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Thierry Breton - Macron's 2nd pick takes charge of the Internal Market

With a past as both a politician and businessman, Breton is tasked with the Internal Market portfolio responsible for dossiers concerning industry and services, defence, space, audiovisual and tourism.

He has a background in Electrical Engineering and Computer Science and national defense, and throughout his career he led different companies, from small systems-analysis ones to large national companies such as Thomson Multimedia and France Télécom. His latest role was as Chairman and CEO of Atos, an IT company that he had been leading since 2008. Once he was proposed as Commissioner, he pledged he would resign and sell his shares in the company to avoid any conflict of interest.

Breton served in the government as an adviser to the French Ministry of Education and Research in 1986. Later on, he was French Minister of Economy, Finance and Industry from 2005 to 2007, under the Chirac government. Towards the end of his mandate and before taking up his role at Atos, he taught Leadership and Corporate Accountability at Harvard Business School. He is the author of several books about information technology and economy.

Confirmation hearing highlights

  • Stressed the need to regulate tech and cyber space, as to ensure that single market rules are properly implemented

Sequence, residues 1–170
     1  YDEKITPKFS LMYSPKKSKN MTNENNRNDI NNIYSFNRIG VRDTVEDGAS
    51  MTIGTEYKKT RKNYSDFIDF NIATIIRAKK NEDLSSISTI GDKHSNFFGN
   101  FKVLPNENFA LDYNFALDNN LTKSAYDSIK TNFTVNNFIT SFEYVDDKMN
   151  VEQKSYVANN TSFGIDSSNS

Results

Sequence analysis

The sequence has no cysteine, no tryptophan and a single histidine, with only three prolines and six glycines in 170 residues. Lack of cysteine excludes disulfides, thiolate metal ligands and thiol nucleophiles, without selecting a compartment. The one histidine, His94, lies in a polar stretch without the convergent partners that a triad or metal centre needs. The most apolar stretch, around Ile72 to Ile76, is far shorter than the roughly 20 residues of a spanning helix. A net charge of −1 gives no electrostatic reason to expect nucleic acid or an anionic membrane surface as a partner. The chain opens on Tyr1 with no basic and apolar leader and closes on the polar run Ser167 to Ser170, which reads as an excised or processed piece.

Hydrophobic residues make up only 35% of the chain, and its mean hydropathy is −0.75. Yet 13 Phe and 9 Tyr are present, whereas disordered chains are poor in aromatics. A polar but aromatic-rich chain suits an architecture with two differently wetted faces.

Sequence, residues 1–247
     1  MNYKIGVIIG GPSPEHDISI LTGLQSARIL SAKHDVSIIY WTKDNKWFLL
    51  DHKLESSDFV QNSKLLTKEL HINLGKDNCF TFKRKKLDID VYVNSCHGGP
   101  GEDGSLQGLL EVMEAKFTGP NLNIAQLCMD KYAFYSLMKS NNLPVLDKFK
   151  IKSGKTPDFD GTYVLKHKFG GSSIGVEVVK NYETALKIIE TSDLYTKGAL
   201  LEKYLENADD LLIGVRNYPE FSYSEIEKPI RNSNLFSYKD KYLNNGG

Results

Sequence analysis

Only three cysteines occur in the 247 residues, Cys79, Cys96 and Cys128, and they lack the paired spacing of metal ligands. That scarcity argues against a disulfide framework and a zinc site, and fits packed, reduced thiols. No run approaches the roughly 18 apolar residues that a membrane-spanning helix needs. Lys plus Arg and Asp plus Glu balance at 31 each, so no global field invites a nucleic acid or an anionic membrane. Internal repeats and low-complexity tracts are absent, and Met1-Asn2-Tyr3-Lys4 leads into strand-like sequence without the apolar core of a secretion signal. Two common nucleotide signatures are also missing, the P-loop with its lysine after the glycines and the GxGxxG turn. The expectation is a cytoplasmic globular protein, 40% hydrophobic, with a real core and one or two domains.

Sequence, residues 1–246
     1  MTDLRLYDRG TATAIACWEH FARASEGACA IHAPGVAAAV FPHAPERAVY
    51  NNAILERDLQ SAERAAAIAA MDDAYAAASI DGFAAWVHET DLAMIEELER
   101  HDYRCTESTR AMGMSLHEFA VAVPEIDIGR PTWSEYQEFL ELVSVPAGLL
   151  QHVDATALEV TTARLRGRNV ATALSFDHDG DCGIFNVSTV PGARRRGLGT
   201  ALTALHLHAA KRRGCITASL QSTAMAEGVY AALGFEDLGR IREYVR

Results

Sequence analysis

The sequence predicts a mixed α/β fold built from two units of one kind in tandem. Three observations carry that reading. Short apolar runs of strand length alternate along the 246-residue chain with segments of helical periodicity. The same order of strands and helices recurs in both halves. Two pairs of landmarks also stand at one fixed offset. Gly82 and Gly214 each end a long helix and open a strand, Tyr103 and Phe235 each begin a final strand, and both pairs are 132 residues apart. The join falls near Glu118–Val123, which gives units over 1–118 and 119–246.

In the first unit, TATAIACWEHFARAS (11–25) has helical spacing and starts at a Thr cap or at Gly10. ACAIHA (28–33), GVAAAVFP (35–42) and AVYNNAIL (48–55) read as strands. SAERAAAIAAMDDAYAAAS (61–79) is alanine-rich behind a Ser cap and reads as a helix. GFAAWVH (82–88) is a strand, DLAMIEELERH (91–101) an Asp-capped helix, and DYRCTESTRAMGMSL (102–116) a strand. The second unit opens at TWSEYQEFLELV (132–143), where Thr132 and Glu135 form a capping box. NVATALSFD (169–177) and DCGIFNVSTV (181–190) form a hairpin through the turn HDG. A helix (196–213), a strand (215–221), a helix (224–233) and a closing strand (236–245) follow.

Insisted on the need to reinforce the European digital and technological sovereignty

“There is an urgent need to prepare tomorrow’s growth by investing today in the critical technologies of the future. I'm thinking of 5G, of course, but you also have to start preparing for 6G, artificial intelligence, the cloud and already the post-cloud, edge computing, the internet of things, cybersecurity of course, the blockchain [...]. And then, it will not surprise those who know me, for quantum technologies.”

  • Acknowledged that data protection is a key part in consumer protection

  • Claimed that he will be the “data Commissioner”, in charge of coming up with a new proposal for the safeguarding of EU citizens privacy when it comes to data sharing.

  • Companies need to store data, in order to innovate, but keep it anonymous to protect the privacy of EU citizens

  • Confirmed that the future Commission will propose new guidelines on the ethics of Artificial Intelligence within the first 100 days

“I’m not going to regulate in those 100 days. We'll see what the college says, I'll see what happens. I will be extremely supportive, but I will not, for the time being, speak for regulation.”

  • Wants to complement the AI plan with a strategy towards the establishment of a common data market

  • Confirmed the review of the E-Commerce Directive, but showed against modifying the limited liability regime

  • Stressed the fundamental importance to avoid further fragmentation of the internal market

  • Pledged to introduce a media and audiovisual action plan

Mission letter

His tasks for the next five years can be divided into three areas: 1) the digital economy and society, 2) a future-ready European industry and single market, and 3) defence industry and space.